As we gathered near the bell tower under a tent, just beyond the reach of Stuart Auditorium, the kids chattered on about their day with pride.   That week, while at Junaluska, they had raised over $41 at a lemonade stand they set up for Imagine No Malaria.   When Hank and Caroline had wanted to help, Susan had shown them the website,, and talked with them about the need.  How children and mothers just like themselves, far away, were at risk or suffered because of this disease.  Hank and Caroline were ready to act.  So one cup of lemonade at a time they did their part.  That $41 has grown to well over $150 as others heard about the work of two small hands (and one attentive mother).  A lay woman here in the crowd, or a pastor there, reached into their pockets and contributed, giving generously out of love and compassion for the sufferings of women and children far from the place where we are now singing praises and offering   prayers.  Others connected to the hearts’ desire of   Caroline and Hank, 7 and 8 year old children, and the results are inspiring.

Compassions calls forth compassion.  That’s what can happen when our hearts are moved by Christ to compassion for the suffering of others in this world, and we join in this effort with other friends, neighbors, churches, districts and conferences to help alleviate the suffering of those affected by malaria.   Children under five and pregnant mothers are most at risk unfortunately.  But in this case, the fate of a mother and her children far, far away is being met with the compassion of another mother and her children.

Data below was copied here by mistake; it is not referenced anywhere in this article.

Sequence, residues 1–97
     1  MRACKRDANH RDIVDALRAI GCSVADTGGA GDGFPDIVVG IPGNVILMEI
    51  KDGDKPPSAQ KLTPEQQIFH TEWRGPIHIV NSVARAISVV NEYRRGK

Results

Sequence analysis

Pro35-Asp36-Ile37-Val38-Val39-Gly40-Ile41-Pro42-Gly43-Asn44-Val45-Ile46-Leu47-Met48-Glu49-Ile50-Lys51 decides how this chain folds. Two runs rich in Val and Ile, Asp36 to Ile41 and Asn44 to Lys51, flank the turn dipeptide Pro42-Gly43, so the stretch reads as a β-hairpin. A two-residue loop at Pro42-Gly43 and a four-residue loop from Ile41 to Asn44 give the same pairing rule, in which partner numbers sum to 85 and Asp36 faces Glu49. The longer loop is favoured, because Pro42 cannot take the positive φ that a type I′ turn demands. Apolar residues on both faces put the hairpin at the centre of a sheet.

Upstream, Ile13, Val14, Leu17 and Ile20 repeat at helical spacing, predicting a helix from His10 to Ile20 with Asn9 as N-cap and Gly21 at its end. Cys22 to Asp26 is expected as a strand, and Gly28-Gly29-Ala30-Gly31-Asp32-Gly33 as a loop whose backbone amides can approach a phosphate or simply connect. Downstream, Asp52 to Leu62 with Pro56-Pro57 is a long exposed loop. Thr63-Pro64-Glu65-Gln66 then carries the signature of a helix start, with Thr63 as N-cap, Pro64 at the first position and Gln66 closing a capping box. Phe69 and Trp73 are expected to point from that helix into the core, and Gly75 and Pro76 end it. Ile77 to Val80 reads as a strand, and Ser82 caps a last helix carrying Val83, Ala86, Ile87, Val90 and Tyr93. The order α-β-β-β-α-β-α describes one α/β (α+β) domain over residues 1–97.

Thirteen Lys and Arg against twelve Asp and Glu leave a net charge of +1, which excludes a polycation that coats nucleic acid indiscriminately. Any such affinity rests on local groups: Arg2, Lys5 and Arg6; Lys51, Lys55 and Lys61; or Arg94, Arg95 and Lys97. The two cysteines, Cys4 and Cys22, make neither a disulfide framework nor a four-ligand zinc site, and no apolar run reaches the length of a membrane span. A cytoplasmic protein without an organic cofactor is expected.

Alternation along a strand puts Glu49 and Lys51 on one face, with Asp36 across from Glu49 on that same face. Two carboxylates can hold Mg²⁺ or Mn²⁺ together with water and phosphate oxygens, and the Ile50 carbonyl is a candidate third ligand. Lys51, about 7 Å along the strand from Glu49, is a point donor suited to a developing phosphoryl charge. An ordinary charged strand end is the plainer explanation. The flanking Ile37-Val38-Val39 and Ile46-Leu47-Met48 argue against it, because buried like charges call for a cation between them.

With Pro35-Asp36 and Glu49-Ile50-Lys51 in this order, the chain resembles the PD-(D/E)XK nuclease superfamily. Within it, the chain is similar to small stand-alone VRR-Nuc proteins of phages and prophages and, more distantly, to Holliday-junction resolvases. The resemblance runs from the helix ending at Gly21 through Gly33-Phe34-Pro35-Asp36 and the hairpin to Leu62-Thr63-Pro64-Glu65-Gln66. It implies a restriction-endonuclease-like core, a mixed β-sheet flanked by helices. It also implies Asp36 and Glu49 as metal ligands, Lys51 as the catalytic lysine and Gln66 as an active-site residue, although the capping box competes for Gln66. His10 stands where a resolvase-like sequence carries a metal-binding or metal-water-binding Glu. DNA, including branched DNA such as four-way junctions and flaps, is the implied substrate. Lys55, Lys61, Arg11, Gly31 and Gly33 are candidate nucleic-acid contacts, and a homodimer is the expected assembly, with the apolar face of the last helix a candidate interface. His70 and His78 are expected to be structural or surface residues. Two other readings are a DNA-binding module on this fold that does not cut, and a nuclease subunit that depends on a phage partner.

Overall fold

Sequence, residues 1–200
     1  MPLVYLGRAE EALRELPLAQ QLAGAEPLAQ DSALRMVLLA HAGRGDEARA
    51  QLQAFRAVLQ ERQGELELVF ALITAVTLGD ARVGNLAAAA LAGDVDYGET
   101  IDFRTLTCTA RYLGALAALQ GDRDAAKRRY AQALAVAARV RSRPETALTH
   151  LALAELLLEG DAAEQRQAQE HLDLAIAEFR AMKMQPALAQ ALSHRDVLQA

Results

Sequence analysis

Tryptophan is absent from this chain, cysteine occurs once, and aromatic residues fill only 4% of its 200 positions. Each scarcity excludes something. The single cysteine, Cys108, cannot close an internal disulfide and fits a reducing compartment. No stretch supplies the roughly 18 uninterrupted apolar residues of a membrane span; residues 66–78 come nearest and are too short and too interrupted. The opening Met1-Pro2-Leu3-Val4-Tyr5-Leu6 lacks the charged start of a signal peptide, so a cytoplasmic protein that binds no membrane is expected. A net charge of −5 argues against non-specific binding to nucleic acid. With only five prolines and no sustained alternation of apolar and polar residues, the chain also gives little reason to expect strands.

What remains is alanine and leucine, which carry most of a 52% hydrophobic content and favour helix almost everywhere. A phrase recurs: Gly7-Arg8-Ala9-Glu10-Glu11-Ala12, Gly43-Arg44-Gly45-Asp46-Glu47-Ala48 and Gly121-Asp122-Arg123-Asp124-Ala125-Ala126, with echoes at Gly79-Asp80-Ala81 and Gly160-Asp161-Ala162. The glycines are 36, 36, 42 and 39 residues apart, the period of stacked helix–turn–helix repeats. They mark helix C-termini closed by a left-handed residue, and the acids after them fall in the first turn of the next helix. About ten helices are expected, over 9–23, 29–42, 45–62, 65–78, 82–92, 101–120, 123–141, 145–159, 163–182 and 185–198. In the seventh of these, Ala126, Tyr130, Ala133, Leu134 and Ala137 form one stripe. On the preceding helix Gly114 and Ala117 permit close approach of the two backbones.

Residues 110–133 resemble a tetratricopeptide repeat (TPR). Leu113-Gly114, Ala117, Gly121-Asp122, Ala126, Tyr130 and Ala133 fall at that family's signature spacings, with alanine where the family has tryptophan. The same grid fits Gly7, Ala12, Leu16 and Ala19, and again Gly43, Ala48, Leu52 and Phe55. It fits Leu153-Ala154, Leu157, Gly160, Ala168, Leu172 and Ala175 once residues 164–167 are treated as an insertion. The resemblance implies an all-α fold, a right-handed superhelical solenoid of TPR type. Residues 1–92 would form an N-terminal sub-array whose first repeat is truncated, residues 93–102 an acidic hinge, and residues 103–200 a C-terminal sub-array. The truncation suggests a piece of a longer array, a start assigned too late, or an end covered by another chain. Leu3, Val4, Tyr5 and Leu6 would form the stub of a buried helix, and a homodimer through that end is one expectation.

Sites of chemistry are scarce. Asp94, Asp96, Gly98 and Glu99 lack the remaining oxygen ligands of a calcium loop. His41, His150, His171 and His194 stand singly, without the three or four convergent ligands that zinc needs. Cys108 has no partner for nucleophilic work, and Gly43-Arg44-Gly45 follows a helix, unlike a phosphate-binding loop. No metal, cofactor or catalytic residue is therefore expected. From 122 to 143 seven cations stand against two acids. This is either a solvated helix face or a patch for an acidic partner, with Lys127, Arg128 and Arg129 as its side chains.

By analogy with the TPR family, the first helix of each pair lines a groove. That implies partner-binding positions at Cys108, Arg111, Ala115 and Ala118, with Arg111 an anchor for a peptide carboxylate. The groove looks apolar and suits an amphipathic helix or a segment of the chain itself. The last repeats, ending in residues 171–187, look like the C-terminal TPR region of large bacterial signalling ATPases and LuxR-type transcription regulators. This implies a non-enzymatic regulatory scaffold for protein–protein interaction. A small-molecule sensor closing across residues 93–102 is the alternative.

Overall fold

We can make a trickle of compassion into a river, an ocean – one lemonade stand at a time, one barbecue supper, or yard sale.   Please join Hank and Caroline, and their mom Susan in making a difference.  Tomorrow morning our offering at Annual Conference will be given to Imagine No Malaria and we will join with the mothers and children of sub-Saharan African as they fight the threat of malaria.  Please be generous – generous and joyful, like Hank and Caroline – and one very smart and attentive mother named Susan.  Your heart will be the better for it, and so will the mother and child who will sleep under a bed net in peace because you acted.

Nothing But Spokes

Center front: Bishop Peggy Johnson. From left to right in back: Jim White from St. Mark's UMC in Mt. Joy, Rev. John Pfeil from West Willow UMC, Shelly Trego from Mt. Zion in Narvon, Rev. Jim Todd, Southwest District Superintendent, Jay Horning, Grandview UMC. Missing from photo: Rev. Richard Conner, Calvary UMC in Wyomissing.

Nothing But Spokes begins 335 mile ride for Imagine No Malaria from Washington, DC